Many people with type 1 diabetes have suboptimal glucose control and features of type 2 diabetes (so-called ‘double diabetes’). This has led to interest in adjunctive therapy with noninsulin glucose control agents such as metformin. Clinical trials show some benefits of metformin in people with type 1 diabetes. Its (off-label) use merits discussion with the person with diabetes and their multidisciplinary team.
- People with type 1 diabetes may also have insulin resistance and clinical features of type 2 diabetes, contributing to suboptimal glucose control, micro- and macrovascular complications and premature death.
- There is interest in use of adjunctive medications for glucose control in people with type 1 diabetes treated with insulin; however, no medications are currently approved for this use in Australia.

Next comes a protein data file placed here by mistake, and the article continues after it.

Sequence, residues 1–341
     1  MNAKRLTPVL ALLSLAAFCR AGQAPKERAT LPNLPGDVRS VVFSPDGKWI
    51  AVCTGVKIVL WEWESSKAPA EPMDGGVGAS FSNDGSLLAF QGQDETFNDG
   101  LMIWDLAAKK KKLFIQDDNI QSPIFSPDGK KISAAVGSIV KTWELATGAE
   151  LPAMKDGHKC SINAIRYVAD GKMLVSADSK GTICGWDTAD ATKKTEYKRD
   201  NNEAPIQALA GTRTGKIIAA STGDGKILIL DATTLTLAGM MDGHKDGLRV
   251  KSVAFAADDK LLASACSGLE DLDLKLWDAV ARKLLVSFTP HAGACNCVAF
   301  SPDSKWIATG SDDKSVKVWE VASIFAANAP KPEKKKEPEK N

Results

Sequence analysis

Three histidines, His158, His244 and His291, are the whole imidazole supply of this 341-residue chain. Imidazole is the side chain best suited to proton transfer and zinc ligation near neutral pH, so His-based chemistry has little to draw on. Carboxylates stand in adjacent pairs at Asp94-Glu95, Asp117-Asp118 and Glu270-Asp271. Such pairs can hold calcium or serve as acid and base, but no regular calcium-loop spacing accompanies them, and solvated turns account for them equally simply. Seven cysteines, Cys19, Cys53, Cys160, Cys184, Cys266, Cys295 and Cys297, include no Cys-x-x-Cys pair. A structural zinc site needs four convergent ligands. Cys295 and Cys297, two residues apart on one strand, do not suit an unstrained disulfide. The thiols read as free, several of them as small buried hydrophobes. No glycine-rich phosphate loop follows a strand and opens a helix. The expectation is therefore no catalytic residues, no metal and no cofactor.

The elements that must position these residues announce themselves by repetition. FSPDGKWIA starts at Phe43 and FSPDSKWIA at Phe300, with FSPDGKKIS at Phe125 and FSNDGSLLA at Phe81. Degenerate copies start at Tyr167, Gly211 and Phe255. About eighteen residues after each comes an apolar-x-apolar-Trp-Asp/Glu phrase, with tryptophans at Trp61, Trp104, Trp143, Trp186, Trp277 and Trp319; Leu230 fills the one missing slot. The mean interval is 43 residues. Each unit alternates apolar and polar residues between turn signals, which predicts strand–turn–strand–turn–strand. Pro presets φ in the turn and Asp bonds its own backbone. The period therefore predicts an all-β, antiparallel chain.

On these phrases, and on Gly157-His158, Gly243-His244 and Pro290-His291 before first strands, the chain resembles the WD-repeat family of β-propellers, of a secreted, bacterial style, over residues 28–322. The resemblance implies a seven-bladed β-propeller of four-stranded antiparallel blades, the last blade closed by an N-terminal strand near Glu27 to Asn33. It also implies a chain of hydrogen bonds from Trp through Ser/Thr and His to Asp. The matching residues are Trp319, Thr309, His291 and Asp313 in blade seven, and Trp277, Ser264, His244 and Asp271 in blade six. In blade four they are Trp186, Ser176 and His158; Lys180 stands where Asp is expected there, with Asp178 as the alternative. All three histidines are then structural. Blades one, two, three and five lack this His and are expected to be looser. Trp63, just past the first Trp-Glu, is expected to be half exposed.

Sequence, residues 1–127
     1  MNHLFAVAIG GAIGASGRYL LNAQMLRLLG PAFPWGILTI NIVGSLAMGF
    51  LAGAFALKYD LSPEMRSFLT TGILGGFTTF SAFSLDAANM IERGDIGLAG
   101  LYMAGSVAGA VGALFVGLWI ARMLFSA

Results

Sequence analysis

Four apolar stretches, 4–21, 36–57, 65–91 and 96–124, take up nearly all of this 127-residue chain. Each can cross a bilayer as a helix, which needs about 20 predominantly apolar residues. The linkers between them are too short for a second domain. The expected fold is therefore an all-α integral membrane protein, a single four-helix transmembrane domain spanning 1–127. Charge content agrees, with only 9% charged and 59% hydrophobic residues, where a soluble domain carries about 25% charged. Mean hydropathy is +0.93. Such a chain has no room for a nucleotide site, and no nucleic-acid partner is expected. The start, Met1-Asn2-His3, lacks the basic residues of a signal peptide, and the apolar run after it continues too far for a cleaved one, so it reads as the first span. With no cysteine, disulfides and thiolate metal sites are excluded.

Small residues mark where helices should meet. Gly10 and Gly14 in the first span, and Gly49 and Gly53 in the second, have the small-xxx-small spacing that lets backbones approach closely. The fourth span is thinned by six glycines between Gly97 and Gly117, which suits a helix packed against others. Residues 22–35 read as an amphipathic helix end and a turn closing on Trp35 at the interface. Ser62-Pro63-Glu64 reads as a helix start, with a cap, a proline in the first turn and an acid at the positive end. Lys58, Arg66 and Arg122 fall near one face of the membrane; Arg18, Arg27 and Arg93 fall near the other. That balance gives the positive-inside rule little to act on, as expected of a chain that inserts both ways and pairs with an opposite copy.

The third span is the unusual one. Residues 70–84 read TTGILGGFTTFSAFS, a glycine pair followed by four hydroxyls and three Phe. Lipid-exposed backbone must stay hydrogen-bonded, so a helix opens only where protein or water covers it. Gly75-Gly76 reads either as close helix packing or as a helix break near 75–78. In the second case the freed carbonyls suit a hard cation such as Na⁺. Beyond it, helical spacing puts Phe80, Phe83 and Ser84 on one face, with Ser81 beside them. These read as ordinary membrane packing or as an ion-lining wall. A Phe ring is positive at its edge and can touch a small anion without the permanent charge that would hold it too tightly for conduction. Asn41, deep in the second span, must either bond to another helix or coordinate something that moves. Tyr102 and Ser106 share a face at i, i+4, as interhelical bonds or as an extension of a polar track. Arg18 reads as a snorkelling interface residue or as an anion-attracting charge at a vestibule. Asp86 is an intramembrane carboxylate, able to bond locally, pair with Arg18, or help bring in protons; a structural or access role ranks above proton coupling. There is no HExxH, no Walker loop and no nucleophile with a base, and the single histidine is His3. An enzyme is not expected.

- Among potential adjunctive medications, metformin has the largest evidence base and has small benefits for HbA1c, weight, LDL cholesterol, vascular function, carotid intima media thickness and kidney function in people with type 1 diabetes.
- Potential risks of adjunctive metformin include gastrointestinal upset, decreased vitamin B12 levels and possibly an increased risk of lactic acidosis.
- The optimal criteria for adjunctive metformin use in people with type 1 diabetes and monitoring are currently uncertain.
- Off-label use of adjunctive metformin in people with type 1 diabetes should be agreed with, and monitored by, the person with diabetes and their endocrinologist, GP and diabetes educator.